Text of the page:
This Is AuburnElectronic Theses and Dissertations

Multiple Investigations into Gaming and Psychosocial Functioning in a Community Sample of Adult Gamers




Burke, Benjamin

Type of Degree

PhD Dissertation


Human Development and Family Science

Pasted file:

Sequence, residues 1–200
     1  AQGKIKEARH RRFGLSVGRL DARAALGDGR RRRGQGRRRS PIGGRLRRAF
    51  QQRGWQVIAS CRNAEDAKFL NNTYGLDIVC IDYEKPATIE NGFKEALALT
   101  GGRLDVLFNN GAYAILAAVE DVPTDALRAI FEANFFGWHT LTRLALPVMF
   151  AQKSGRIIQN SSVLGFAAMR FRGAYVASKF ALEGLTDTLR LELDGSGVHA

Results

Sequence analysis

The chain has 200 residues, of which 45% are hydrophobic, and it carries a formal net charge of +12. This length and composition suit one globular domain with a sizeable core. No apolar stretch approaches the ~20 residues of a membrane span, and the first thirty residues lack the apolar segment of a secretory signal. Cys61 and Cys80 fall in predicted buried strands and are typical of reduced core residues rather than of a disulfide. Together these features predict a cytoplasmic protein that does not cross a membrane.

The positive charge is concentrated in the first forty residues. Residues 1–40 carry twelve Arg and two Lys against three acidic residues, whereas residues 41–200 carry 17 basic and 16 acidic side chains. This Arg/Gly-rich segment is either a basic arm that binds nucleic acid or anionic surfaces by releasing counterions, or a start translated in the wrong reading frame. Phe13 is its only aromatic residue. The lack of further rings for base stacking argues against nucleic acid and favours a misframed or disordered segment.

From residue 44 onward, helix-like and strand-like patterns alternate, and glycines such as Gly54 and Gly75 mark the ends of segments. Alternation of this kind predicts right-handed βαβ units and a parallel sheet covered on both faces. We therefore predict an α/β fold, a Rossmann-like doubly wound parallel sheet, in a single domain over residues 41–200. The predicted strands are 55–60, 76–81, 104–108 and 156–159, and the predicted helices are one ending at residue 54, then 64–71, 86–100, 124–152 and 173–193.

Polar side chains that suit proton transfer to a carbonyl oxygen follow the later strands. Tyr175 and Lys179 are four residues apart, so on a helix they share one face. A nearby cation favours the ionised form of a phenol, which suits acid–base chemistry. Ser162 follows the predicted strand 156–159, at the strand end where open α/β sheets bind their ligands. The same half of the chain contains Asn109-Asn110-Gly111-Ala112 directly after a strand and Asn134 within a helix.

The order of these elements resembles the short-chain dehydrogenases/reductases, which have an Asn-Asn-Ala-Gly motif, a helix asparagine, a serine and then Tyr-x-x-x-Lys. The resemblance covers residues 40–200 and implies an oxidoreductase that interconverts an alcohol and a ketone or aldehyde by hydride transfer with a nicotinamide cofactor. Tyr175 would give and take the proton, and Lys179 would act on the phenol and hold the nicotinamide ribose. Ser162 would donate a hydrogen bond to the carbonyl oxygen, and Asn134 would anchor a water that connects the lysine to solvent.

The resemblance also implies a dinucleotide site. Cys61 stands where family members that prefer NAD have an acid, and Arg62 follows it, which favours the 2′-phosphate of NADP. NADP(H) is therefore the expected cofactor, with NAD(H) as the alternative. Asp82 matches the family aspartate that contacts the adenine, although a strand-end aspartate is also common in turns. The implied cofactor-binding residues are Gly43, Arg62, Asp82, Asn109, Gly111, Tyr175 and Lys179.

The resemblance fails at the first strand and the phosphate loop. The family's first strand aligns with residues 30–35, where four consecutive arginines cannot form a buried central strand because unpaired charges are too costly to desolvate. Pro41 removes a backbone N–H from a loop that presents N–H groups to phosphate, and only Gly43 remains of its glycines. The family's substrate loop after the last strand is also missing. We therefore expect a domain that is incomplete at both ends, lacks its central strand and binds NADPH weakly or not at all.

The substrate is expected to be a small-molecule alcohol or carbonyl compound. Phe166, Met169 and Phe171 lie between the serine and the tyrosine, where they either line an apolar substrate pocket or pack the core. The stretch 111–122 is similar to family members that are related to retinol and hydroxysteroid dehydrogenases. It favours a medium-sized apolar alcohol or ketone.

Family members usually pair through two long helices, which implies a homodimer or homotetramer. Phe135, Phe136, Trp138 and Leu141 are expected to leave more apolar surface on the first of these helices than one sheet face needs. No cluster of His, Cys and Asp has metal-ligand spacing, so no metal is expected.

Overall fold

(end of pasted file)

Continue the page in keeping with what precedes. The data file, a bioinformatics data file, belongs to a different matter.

As one of the world’s most popular pastimes, video games have been a focus of study for several decades. Yet, there are still necessary areas of investigation, particularly those informed by human developmental perspectives that also yield implications for psychosocial functioning. In this dissertation, video game engagement is positioned as a proximal process, a driving mechanism of human development that is influenced by individual characteristics of gamers. Utilizing a community sample of 226 adult gamers, the two studies within this dissertation collectively examine how individual characteristics in game engagement, specifically, gaming motivations, and perceptions of gameplay, are related to psychosocial functioning. Grounded in basic psychological needs theory, the first study used structural equation modeling to examine links between gaming motivations (e.g., diversion) and social gaming (i.e., time spent playing with others) with psychosocial distress, in the context of general coping behaviors (e.g., self-distraction). The results indicated that the associations between diversion motivated gaming and higher psychosocial distress were exacerbated by self-distraction coping behaviors. Additionally, active coping was associated with lower psychosocial distress but did not interact with gaming motivations. Implications include discouraging gaming as a method of diversion from real-life responsibilities and practicing more active coping behaviors. The second study, informed by life course theory and symbolic interactionism, used a mixed method analytical approach. First, latent profile analyses distinguished four unique subgroups of gamers based on their perceptions of benefits and detriments derived from gameplay. Then, a phenomenological approach was used to describe gamers’ experiences in detail, both as a whole sample and across subgroups. Although some differences in experience were expressed between subgroups, similar themes regarding benefits (e.g., stress relief, shared social activity) and detriments (e.g., maladaptive distraction, conflicts in close relationships) were identified. Finally, analyses of variance were used to test differences in psychosocial outcomes between subgroups, and generally indicated that groups who reported more benefits than detriments experienced better outcomes. Implications include rebalancing boundaries between gaming and other life roles. Overall, the two studies convey the applicability of applying human developmental theories to the study of gameplay and next steps include examining interdependent relational and familial outcomes.